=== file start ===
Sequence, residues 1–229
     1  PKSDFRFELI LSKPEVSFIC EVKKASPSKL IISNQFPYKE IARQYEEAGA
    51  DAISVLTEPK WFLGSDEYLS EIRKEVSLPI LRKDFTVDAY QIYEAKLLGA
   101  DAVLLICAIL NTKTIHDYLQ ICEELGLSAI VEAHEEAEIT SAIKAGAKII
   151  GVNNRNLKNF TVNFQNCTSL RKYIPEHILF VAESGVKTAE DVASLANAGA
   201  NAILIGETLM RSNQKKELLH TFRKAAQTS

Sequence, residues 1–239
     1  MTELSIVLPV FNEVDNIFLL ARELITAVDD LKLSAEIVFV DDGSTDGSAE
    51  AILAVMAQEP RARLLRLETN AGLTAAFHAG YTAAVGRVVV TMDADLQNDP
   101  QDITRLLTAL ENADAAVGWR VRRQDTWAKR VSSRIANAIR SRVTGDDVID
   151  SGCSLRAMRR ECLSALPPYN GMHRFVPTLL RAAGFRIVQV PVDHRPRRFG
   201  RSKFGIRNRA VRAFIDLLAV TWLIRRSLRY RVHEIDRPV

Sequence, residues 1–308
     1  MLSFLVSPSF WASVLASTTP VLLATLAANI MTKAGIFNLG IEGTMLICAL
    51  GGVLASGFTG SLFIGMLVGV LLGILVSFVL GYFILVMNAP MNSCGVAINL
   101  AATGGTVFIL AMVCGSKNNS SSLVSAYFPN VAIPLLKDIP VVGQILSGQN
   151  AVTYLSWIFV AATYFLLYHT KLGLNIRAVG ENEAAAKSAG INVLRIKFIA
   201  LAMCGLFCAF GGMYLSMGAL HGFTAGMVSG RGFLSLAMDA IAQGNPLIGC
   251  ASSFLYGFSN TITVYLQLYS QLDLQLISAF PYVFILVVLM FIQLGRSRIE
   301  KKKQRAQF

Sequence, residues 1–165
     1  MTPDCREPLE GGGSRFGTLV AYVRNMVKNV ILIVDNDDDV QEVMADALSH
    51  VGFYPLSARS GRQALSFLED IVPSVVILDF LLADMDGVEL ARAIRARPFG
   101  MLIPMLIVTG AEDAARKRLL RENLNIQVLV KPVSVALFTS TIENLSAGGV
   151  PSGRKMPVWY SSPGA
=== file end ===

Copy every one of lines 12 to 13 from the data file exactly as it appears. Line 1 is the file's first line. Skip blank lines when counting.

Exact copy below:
   201  RSKFGIRNRA VRAFIDLLAV TWLIRRSLRY RVHEIDRPV

Sequence, residues 1–308